The Hawaii Department of Transportation (HDOT) Harbors Division has announced the signing of port agreements with Carnival Cruise Line and Norwegian Cruise Line, as the islands prepare to welcome back cruise ships.
Carnival Miracle is scheduled to start a Hawaii program this Sunday, January 9, sailing from Long Beach, California with calls in Honolulu, Maui, Kona, and Hilo. After four sea days, Miracle is scheduled to make its first stop at the island of Honolulu on January 14.
Norwegian’s Pride of America was originally scheduled to restart Hawaii sailings on January 24, but pushed the date back to March 5 due to the spread of the Omicron variant and resulting restrictions. The ship will homeport in Honolulu and visit Maui, Hilo, Kona, and Kauai.
The new port agreements formalize health and safety protocols for cruise line operations in the state.
The stipulations include:
- A medical agreement outlining evacuation of passengers or crew in need of care
- A housing agreement should quarantine or isolation of passengers or crew be needed
- Acknowledgment of the public health response resources of the local jurisdictions and vaccination strategies implemented by the cruise lines to minimize the risk of spreading COVID-19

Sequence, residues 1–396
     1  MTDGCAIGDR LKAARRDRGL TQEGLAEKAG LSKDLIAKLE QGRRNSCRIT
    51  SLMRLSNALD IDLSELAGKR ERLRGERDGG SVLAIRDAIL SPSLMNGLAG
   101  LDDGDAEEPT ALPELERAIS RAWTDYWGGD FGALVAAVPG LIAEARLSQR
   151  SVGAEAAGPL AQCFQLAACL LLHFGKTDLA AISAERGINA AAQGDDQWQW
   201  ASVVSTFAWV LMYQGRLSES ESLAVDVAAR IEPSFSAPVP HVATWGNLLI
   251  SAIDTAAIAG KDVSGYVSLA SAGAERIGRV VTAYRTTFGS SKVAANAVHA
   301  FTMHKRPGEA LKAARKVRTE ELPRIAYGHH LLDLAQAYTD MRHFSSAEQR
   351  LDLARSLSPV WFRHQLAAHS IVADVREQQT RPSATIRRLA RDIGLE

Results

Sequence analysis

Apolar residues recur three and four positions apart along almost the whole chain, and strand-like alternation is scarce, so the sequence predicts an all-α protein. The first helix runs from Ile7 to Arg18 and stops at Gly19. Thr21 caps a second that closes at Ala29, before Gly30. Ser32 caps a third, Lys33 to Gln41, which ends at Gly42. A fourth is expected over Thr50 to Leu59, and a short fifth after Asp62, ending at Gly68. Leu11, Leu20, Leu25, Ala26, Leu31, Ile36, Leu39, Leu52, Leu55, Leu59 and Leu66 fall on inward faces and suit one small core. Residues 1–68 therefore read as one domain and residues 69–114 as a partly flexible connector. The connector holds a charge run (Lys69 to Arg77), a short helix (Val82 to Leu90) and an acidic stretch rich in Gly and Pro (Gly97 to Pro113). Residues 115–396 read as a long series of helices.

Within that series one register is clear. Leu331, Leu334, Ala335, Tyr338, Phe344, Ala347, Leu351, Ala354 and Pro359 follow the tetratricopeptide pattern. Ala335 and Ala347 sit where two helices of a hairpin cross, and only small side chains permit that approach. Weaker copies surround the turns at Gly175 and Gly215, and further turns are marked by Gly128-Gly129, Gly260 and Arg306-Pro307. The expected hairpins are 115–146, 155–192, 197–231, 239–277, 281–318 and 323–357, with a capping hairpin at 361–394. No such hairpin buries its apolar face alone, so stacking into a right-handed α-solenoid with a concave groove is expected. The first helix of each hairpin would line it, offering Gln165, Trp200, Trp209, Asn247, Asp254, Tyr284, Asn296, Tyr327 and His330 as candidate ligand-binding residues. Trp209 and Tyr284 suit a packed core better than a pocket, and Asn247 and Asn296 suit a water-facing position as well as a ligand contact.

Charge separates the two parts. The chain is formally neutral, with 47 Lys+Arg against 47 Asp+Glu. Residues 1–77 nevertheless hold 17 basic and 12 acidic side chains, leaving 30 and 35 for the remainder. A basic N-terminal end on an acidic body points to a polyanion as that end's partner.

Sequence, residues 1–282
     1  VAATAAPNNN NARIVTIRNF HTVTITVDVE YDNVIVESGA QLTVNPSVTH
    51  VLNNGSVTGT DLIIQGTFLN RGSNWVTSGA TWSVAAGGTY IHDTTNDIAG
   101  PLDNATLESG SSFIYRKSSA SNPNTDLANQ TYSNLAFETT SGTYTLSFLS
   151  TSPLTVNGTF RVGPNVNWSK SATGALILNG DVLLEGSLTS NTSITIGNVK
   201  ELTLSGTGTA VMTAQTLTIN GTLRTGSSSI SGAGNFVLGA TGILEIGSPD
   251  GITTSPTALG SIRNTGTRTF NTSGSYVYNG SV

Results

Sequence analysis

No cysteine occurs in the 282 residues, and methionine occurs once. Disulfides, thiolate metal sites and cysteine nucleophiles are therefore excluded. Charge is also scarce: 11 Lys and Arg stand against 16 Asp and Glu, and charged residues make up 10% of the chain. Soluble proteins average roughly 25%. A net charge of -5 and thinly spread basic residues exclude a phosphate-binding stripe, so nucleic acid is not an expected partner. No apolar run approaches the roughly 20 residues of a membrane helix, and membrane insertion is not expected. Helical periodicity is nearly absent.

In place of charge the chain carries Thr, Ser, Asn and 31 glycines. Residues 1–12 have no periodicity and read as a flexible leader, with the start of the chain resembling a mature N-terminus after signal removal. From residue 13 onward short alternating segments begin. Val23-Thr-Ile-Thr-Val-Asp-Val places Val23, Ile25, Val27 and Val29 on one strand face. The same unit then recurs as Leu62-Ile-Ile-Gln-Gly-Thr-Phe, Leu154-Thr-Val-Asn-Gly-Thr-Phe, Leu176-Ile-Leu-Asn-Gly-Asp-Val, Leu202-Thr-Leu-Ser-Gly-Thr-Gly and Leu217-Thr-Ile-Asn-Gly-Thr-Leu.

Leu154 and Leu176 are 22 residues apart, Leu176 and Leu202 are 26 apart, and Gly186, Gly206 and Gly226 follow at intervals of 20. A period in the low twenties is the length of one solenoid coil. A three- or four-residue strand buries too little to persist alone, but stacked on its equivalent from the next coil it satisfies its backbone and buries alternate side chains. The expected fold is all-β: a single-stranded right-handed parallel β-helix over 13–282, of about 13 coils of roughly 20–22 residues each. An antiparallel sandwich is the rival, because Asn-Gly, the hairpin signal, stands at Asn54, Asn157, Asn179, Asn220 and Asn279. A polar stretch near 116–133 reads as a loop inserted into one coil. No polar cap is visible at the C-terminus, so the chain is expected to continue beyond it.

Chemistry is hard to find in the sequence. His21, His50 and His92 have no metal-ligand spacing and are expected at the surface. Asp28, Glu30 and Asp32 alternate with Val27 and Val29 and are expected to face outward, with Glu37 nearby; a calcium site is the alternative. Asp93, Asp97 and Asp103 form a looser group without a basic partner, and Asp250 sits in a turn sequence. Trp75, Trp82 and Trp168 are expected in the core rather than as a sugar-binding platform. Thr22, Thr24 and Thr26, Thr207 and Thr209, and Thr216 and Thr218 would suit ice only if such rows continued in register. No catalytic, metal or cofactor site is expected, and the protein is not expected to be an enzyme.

The Centers for Disease Control and Prevention requires each ship to have on board testing and medical staff to ensure proper prevention, mitigation, and response protocols and training. As well, Carnival and Norwegian have committed to full vaccination rates in addition to pre-board testing and onboard safety and cleaning protocols.
From the beginning of the cruise industry restart, Norwegian Cruise Line Holdings brands have required all passengers, regardless of age, to be fully vaccinated.
Currently, Norwegian is testing all guests at the pier and plans to continue doing so at least through February 28. Carnival requires all guests to have a negative PCR or antigen test in hand before embarking.
As well as cruise line and CDC requirements, the State of Hawaii is requiring participation in the ‘Safe Travels’ digital platform to upload proof of vaccination or negative test results for cruise guests arriving in Hawaii from outside the state.
“Developing these agreements with the goal of reducing potential negative impacts of cruise travel on our local health resources couldn’t have happened without invaluable guidance from the Governor’s Office, the Centers for Disease Control and Prevention, the Hawaii Department of Health, the Hawaii Department of Defense, the Office of Enterprise Technology Services, and county agencies,” said Hawaii Department of Transportation Director Jade Butay.
“We appreciate everyone, including the cruise line representatives, coming together to finalize the required agreements to fulfill the CDC Conditional Sailing Order.”
Carnival Miracle will be the first major cruise ship to call in Hawaii since March 2020. Norwegian’s Pride of America was homeporting in Hawaii year-round prior to the industry shutdown.
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